To get a flavour for the value of Linux, here are some prices for commercial software as listed at www.amazon.com. All prices are in $USA, as listed on 2001-02-03, with discounts. Roughly equivalent Linux software is included on almost any Linux CD set (but with no restrictions on the number of clients). In addition, the hardware for Linux is typically significantly less expensive, since Linux can run all services on a single server:
Linux (and thousands of other programs distributed under GPL) is often described as "free software". The word "free" has two quite different meanings in the English language, and it sometimes leads to misconceptions about the free nature of Linux. These two meanings follow the Latin adjective "liber" and the adverb "gratis," and they are often illustrated with the phrases "free speech" and "free (of charge) beer." Most Linux software is free in both senses, but it is only the first sense which is essential to Linux.
The major differences:
The major differences:
The reality is simple. Cooperation and good will can benefit many at the same time: your gain is not my loss. The Internet works fine and is expanding at a rapid pace. So does Linux.
Here is the opinion of an IBM executive: ``The reason we are so excited about Linux is we believe Linux can do for applications what the Internet did for networks.'' [linuxtoday.com] IBM just (May 2002) spent 1 billion dollars making Linux run on all their hardware platforms (mainframes, workstations, PCs, laptops).
We may add that Linux seems to do to the operating system the same what IBM's open PC specification did to the computer hardware.
And here is a quote from Thomas Jefferson explaining, in the year 1813, that intellectual property (IP) does not exists. There is only a limited monopoly to profit for the author, which is society-given on the conditions that the monopoly strikes the balance for the common benefit:
``If nature has made any one thing less susceptible than all others of exclusive property, it is the action of the thinking power called an idea, which an individual may exclusively possess as long as he keeps it to himself; but the moment it is divulged, it forces itself into the possession of every one, and the receiver cannot dispossess himself of it. Its peculiar character, too, is that no one possesses the less, because every other possesses the whole of it. He who receives an idea from me, receives instruction himself without lessening mine; as he who lights his taper at mine, receives light without darkening me. That ideas should freely spread from one to another over the globe, for the moral and mutual instruction of man, and improvement of his condition, seems to have been peculiarly and benevolently designed by nature, when she made them, like fire, expansible over all space, without lessening their density in any point, and like the air in which we breathe, move, and have our physical being, incapable of confinement or exclusive appropriation. Inventions then cannot, in nature, be a subject of property. Society may give an exclusive right to the profits arising from them, as an encouragement to men to pursue ideas which may produce utility, but this may or may not be done, according to the will and convenience of the society, without claim or complaint from anybody.'' [``The Writings of Thomas Jefferson''. Edited by Andrew A. Lipscomb and Albert Ellery Bergh. 20 vols. Washington, Thomas Jefferson Memorial Association, 1905. Quoted after: ``The Founders' Constitution'' Volume 3, Article 1, Section 8, Clause 8, Document 12, The University of Chicago Press.]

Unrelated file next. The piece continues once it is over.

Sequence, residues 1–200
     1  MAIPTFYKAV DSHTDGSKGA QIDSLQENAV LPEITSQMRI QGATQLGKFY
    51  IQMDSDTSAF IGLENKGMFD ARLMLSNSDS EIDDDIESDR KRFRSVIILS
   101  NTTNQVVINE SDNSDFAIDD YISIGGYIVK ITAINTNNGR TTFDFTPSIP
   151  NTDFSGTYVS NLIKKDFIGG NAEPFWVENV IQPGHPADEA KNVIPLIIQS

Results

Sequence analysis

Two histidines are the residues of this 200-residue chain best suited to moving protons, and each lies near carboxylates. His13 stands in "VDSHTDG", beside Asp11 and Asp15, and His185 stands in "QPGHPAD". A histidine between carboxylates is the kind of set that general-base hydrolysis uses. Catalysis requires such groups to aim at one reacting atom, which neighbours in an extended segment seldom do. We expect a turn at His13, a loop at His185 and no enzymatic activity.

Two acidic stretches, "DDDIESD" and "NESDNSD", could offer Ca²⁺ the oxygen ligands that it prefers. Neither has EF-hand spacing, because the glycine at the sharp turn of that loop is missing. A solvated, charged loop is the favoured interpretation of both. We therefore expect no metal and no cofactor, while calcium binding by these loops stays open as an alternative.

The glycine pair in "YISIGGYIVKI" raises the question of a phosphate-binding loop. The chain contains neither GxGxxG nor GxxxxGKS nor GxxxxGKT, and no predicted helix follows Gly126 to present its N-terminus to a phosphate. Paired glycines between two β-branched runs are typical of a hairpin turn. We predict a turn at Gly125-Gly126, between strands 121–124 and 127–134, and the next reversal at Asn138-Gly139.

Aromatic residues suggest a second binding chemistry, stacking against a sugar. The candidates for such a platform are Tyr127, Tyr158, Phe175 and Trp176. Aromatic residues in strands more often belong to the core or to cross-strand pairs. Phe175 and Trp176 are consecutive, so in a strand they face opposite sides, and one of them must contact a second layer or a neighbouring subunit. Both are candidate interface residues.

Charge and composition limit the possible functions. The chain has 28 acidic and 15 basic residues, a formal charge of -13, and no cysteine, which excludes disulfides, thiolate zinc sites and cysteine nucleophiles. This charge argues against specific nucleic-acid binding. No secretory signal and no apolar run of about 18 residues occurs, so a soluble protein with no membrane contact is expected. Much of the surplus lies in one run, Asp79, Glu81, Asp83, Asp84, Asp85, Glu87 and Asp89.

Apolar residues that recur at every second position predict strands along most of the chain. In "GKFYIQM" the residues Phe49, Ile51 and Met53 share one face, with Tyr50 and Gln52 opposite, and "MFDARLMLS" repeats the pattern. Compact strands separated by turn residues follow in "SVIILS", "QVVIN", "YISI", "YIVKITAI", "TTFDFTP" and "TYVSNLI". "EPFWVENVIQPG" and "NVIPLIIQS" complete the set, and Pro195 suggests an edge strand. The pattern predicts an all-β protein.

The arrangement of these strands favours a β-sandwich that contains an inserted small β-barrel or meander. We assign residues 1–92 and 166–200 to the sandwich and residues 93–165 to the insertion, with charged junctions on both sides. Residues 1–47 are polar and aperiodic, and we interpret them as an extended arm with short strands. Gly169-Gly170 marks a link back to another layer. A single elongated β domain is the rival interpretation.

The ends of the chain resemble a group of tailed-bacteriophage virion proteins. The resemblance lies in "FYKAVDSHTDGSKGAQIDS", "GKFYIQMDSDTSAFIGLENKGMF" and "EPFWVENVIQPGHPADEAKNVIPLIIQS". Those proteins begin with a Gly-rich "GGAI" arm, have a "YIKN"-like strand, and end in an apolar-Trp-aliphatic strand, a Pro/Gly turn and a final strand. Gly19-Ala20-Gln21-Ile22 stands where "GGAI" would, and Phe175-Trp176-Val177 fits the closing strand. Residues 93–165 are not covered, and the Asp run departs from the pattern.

Linux also provides no guarantees, although it is far more secure than any version of MS Windows (assuming comparable functionality is installed on both). If you are really security-sensitive , you can use high-security tools built by companies that rely on the availability of the source code to design and test their security features (e.g., Kryptokom in Germany provides high-security firewalls). The "security in obscurity" implemented in MS Windows has repeatedly been demonstrated to be a naive approach.
``Risk aversion is what dictates you use Linux and other open products, rather than NT. The risks with NT are entirely out of your control, and there is nobody you could sue if anything goes wrong. Why people still believe the myth that Windows in any form offers any bit of accountability ``more'' than Linux remains a complete riddle to me.'' [David Kastrup, Research Engineer, Bochum, Germany, Internet Week]